Caldwell didn’t tell the reporters that Dr. Kelly was the chief archaeologist at the Manville Site and it was this village in which Kelly found what appeared to be Mesoamerican artifacts at a layer dating from the 700s or 800s AD – at the same level that stone hoes and corn kernels were found. Caldwell recommended that University of Georgia officials conduct an investigation.
On Friday, both the Atlanta Journal-Constitution and the local TV stations gave extraordinary emphasis to a press conference held by a group of Georgia archaeologists, who said they represented the professional archaeologists in Georgia and the Society for Georgia Archaeology. Arthur Kelly founded the Society for Georgia Archaeology and was a co-founder of the Society for American Archaeology. They said that they had met on the previous day and adopted the following resolution.
It was a stiffly worded document that sounded like the death sentence being read by some judge. It called Dr. Kelly a mentally unbalanced criminal, who should be fired immediately. The archaeologists told the media that they were giving full cooperation to an ongoing criminal investigation. That was the last that the public would hear on the matter.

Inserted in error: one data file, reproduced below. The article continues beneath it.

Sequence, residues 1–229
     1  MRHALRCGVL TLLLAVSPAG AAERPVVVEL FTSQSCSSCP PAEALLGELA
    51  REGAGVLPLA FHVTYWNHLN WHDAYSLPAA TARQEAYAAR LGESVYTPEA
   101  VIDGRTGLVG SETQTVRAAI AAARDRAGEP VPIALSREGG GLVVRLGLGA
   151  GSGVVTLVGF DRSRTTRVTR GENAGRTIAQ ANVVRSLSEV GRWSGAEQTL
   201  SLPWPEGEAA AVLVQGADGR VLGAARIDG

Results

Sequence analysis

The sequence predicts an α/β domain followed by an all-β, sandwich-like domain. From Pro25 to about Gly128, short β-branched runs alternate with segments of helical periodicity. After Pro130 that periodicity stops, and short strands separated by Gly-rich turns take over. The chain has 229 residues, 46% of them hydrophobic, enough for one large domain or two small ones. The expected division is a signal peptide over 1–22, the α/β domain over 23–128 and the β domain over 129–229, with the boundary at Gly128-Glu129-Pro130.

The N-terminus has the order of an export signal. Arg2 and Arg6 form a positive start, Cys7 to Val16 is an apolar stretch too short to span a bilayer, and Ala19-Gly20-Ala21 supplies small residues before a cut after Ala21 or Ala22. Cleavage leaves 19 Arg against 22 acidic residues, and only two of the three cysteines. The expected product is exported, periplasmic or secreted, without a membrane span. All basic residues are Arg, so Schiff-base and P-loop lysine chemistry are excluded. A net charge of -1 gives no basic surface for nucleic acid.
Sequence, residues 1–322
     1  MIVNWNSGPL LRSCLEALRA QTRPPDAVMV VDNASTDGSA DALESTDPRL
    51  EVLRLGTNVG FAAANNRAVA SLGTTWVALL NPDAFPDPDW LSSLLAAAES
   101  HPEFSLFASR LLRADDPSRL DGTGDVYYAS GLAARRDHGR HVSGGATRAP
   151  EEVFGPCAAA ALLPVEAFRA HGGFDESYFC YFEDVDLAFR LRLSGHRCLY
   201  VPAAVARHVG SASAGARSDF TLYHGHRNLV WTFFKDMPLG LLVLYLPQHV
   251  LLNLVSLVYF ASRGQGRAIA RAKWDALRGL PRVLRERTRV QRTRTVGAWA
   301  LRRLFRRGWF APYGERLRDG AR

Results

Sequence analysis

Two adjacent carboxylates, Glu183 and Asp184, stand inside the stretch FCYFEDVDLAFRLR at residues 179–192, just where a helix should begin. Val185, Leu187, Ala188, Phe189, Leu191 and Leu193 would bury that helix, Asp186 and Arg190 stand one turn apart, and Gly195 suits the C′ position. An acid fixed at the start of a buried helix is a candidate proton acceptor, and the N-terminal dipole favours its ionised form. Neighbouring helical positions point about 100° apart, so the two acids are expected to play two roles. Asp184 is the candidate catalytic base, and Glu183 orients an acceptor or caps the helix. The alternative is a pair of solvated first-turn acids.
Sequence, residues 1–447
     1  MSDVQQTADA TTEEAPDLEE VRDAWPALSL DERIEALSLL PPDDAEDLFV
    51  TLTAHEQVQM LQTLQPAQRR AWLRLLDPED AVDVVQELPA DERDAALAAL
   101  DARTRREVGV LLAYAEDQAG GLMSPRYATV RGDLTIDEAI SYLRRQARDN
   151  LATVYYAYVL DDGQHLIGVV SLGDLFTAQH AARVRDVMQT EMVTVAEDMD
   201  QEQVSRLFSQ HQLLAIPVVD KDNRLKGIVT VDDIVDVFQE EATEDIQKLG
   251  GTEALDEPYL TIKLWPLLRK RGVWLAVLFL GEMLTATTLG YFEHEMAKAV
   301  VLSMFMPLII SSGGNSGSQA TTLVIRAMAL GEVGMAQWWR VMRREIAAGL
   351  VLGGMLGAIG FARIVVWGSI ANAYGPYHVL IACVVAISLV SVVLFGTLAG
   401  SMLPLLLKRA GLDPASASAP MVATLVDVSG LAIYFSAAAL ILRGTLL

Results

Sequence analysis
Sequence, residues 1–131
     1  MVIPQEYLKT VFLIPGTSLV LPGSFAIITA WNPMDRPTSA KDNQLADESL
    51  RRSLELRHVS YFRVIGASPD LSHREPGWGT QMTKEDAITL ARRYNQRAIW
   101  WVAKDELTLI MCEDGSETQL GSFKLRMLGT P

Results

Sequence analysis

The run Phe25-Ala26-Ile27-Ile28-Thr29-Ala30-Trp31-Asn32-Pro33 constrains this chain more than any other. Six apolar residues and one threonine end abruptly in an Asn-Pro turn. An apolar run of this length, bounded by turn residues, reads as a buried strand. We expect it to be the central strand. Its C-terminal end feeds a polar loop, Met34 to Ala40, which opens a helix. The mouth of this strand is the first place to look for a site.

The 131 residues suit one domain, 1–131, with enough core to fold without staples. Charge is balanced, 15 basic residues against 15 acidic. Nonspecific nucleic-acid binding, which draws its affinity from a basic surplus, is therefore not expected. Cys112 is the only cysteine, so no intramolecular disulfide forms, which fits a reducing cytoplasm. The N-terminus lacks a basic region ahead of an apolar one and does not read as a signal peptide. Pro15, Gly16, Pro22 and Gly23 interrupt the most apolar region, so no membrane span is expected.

I was at the Lambda Chi Alpha fraternity house at Tech during the newscast. A group of us fraternity brothers were going together to a free rock concert that evening. I sunk deep into my chair when the word, Arthur Kelly, was mentioned . . . hoping that no one would remember that I had a connection to that archaeological site.
Then a senior in Aerospace Engineering spoke up. “Hey Thornton, didn’t you do something over at that archaeological site?” I gulped and said, “Oh, just for a day or two.”
He continued, “My sister is in Anthropology at Georgia. She says that this is pure bullshit. The archaeology lab has millions of artifacts stored in little boxes. There are several dozen stone hoes in the Manville box. There is no way that this prof could have known that this hoe was stolen from a specific box so soon. She says that it is a witch trial and it’s the profs or one of their pet students, who stole the hoe.”